Regression addresses what has come before; it is a matter of looking backward of retrospections? The motionless things of nature are generally forward-looking their problem is that of the question: Where do we go from here? It is primarily with intelligent beings that we ask: How did we get to where we now find ourselves? Regression and infinite regression in particular is thus a concept that has gained a greater prominence in the human sciences than in the sciences of nature.
Argumentation to infinite regress has long been a favored instrument of philosophical dialectic. Philosophers have used it to disprove the positions they model to criticize. Infinite regresses, so they reason, are unrealizable: they cannot be completed so as to achieve some definitive result. And thereby anything that would engender an infinite regress is automatically made ineffective.
Infinite Regress examines the theory of regression and includes information on the topics of vicious regress, innocuous regress, circularity regress, and propositional regress. Also discussed is the history of regression stemming from ancient times, to medieval times, to early modern history. Some of the other chapters in this book focus on world class philosophers including Immanuel Kant, Georg Wilhelm Friedrich Hegel, and Bertrand Russell. The book will play a significant role in theoretical philosophy as well as in social philosophy and the philosophy of mind.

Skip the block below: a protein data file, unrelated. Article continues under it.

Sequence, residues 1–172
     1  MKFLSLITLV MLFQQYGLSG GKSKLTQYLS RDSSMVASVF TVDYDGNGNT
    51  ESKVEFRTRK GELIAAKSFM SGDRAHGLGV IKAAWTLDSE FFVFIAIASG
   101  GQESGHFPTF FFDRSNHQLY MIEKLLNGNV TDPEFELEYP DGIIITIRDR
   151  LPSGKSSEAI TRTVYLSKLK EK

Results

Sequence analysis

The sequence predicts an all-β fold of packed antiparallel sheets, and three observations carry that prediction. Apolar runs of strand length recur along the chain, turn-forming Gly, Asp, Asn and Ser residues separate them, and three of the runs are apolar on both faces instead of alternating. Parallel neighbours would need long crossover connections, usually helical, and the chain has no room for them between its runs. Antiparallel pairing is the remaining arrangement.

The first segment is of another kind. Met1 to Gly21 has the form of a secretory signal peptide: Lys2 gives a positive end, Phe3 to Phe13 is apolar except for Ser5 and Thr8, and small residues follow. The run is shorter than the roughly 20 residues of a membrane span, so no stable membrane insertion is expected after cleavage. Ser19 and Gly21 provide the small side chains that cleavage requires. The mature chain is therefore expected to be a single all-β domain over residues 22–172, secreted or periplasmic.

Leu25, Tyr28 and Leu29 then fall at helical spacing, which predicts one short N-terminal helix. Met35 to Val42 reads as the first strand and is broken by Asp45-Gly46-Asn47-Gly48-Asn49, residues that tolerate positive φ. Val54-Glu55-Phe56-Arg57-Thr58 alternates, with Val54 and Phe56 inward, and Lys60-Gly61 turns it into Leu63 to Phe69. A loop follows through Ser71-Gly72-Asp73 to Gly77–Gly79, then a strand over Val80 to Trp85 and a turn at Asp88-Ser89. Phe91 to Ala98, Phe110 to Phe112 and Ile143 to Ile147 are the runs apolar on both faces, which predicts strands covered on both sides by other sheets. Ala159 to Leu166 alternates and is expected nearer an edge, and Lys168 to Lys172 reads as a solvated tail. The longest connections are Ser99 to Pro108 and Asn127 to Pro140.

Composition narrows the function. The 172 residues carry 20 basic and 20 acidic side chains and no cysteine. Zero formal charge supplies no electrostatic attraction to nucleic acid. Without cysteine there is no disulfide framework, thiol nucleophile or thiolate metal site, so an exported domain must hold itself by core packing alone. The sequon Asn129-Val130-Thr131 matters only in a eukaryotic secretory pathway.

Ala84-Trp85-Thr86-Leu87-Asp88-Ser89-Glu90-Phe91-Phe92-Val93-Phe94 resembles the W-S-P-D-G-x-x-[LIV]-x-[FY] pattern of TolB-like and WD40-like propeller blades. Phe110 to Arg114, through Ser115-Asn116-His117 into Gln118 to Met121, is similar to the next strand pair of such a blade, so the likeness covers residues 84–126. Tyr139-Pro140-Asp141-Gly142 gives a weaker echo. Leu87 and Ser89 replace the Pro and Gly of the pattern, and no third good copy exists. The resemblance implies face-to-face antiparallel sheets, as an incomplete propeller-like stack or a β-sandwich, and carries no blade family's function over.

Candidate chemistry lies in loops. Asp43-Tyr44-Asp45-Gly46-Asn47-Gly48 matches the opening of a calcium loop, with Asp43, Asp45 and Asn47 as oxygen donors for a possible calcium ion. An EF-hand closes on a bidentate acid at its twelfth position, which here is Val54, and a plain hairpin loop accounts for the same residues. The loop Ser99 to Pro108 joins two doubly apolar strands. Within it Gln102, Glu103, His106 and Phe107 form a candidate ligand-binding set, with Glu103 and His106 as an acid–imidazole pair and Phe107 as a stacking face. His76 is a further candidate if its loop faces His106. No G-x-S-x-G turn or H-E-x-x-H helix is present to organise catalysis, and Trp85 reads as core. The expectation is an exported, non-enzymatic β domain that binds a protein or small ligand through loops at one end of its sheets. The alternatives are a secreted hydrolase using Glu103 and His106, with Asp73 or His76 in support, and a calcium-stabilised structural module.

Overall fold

Table of Contents
Introduction: The Conception of Infinite Regress
Part 1: Systematic Considerations
1. Regress Theory
2. Some Modes of Vicious Regress
3. Some Modes of Innocuous Regress
4. Circularity and Endless Regress
5. Dispensing with "The Regress of Reasons"
6. Propositional Regresses
Part 2: Historical Considerations
7. The Ancients
8. The Medievals
9. The Early Moderns
11. From Hegel to Dewey
12. Bertrand Russell
13. Gilbert Ryle on Mind and the Free Will Perplex